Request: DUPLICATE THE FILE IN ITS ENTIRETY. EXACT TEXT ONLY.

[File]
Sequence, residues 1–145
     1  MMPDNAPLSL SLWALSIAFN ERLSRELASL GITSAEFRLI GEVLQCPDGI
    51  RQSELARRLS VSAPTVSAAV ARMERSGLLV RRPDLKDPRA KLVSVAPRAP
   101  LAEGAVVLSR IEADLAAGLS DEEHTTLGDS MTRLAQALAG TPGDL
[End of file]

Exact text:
Sequence, residues 1–145
     1  MMPDNAPLSL SLWALSIAFN ERLSRELASL GITSAEFRLI GEVLQCPDGI
    51  RQSELARRLS VSAPTVSAAV ARMERSGLLV RRPDLKDPRA KLVSVAPRAP
   101  LAEGAVVLSR IEADLAAGLS DEEHTTLGDS MTRLAQALAG TPGDL